MI bill proposes raise to personal state tax exemption

Michigan
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LANSING, Mich. (WOOD) — The Republican tax plan passed last month in Washington creates a potential tax increase for some people in Michigan.

However, Gov. Rick Snyder and Lt. Gov. Brian Calley say they have a solution. A $1.5 billion price tag could be coming to the people of Michigan in what the governor’s office is calling an unintended consequence of the legislation.

Calley says the fix is simple, but he thinks it needs to be done quickly.

“For the average family of four, the personal exemptions make a $680 difference a year in their taxes,” he said.

The changes at the state level are caused by the federal changes.

“Like a lot of states, our state attaches to the federal tax code for simplicity’s sake. So you figure something once at the federal level and we use those same numbers on our tax code so that you don’t have to recalculate,” Calley said.

The formula has worked up until now, but will change at the beginning of next year.

“Our state tax law says however many exemptions you claim at the federal level, you get to claim that at the state level,” Calley said. “Well now with this really big standard deduction, you won’t have people claiming personal exemptions at the federal level anymore and that will make a big difference for our taxpayers if we don’t make this change.”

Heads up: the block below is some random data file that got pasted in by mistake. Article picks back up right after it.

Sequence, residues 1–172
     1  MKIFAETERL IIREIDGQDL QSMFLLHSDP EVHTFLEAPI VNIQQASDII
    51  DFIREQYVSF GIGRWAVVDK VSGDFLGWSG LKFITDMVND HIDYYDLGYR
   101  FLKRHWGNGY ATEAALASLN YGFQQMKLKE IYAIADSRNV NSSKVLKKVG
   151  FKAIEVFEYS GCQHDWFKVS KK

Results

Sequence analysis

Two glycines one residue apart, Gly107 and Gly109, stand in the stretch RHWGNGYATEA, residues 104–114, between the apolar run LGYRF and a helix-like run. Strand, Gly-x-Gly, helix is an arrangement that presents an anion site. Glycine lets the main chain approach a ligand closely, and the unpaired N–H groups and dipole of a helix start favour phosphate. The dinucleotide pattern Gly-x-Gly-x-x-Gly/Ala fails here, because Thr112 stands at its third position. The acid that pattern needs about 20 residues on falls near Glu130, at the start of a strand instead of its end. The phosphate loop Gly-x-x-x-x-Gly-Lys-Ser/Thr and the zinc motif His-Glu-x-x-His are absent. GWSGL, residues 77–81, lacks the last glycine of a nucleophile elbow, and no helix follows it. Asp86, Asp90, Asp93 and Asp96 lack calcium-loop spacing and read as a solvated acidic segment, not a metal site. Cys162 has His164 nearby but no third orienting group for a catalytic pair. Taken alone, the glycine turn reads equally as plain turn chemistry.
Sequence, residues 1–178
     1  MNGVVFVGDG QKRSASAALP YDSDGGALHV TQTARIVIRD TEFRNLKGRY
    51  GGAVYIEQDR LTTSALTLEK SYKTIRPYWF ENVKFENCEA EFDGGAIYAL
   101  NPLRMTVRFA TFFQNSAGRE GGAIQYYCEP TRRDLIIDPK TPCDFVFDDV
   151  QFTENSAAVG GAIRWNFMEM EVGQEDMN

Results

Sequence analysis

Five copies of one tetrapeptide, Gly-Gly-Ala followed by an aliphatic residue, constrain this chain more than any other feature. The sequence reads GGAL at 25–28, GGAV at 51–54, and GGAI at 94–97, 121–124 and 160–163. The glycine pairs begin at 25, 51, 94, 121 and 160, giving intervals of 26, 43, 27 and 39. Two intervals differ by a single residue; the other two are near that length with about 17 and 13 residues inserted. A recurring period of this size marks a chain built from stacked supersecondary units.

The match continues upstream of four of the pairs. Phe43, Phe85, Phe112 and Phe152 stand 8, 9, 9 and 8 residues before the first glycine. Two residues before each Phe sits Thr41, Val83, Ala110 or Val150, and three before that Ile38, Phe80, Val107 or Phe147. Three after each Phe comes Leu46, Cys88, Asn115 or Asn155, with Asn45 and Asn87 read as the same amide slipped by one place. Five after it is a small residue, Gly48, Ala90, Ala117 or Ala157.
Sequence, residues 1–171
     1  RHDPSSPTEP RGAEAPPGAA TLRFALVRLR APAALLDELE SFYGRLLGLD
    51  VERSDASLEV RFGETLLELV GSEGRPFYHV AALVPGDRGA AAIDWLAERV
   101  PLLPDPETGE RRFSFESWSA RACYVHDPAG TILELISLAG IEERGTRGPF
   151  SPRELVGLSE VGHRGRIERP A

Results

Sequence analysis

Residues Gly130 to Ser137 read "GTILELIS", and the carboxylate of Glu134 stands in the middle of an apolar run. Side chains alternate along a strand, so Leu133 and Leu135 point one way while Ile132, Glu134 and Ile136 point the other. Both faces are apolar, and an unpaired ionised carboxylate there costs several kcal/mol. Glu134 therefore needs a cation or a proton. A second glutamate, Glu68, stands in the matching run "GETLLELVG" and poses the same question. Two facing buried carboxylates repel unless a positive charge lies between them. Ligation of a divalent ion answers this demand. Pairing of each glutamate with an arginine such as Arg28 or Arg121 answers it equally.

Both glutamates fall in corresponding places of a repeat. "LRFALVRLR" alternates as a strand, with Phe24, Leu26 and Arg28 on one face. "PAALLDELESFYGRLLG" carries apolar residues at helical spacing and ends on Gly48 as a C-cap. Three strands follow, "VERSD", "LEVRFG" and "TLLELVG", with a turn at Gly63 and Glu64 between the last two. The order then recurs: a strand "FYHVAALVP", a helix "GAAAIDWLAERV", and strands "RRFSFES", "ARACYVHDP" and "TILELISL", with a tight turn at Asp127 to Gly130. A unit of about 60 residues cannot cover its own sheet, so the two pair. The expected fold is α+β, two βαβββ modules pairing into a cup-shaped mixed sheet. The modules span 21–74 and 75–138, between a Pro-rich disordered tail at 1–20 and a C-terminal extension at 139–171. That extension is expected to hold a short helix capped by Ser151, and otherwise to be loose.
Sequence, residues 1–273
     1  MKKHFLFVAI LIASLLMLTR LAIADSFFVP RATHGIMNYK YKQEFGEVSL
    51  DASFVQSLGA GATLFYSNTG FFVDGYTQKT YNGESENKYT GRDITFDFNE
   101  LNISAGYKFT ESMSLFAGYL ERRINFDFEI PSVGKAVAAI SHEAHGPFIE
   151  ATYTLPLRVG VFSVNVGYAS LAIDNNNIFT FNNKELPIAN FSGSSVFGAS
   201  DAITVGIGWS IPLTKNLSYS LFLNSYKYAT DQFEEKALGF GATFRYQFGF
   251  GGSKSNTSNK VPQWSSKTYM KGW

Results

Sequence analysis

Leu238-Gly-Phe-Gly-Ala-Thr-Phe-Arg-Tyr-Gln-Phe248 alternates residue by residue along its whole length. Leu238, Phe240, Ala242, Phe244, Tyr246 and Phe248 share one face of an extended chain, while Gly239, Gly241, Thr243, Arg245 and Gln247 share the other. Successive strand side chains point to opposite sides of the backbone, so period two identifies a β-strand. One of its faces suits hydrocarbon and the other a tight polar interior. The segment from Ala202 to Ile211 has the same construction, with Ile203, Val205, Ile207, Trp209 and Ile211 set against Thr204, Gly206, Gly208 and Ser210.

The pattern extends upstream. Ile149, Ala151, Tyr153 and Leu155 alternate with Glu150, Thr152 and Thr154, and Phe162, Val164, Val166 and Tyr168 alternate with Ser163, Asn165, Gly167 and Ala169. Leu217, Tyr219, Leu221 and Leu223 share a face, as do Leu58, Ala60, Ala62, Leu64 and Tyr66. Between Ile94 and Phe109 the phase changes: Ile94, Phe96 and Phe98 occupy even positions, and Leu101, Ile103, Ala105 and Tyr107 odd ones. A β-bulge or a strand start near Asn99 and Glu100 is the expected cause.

To solve this problem, the Snyder administration is proposing to restore the personal exemption of $4000 per person now, and raise it to $4,500 in two years.

It’s likely the bill will be introduced soon and go through regular committee hearings to the floor. The biggest impediment could be that members who want even more tax changes will try to amend the bill.

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